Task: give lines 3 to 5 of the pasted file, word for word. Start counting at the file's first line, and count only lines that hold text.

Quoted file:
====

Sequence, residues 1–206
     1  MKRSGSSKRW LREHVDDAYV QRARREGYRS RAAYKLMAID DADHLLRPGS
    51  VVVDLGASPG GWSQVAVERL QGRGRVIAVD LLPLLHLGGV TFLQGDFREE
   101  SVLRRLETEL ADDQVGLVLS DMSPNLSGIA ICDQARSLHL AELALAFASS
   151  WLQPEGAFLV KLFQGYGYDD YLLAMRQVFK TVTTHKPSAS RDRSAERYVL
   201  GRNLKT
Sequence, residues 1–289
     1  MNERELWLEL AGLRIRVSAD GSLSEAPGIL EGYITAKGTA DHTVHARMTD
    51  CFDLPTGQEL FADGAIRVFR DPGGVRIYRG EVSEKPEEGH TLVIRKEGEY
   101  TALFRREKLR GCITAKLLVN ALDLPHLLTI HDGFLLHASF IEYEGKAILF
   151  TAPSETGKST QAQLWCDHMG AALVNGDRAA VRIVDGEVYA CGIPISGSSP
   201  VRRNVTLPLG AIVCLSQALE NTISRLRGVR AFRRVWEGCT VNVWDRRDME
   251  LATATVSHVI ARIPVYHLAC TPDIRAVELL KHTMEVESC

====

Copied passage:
    51  VVVDLGASPG GWSQVAVERL QGRGRVIAVD LLPLLHLGGV TFLQGDFREE
   101  SVLRRLETEL ADDQVGLVLS DMSPNLSGIA ICDQARSLHL AELALAFASS
   151  WLQPEGAFLV KLFQGYGYDD YLLAMRQVFK TVTTHKPSAS RDRSAERYVL